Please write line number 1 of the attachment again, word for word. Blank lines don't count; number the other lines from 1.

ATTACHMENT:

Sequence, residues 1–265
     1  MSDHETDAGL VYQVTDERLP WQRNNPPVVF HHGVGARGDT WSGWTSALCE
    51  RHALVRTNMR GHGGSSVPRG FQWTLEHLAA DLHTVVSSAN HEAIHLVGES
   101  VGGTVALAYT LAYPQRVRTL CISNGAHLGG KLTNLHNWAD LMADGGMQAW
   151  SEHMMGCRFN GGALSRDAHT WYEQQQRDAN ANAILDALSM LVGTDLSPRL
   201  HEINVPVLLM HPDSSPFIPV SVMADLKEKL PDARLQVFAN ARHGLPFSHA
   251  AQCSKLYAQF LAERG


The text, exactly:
Sequence, residues 1–265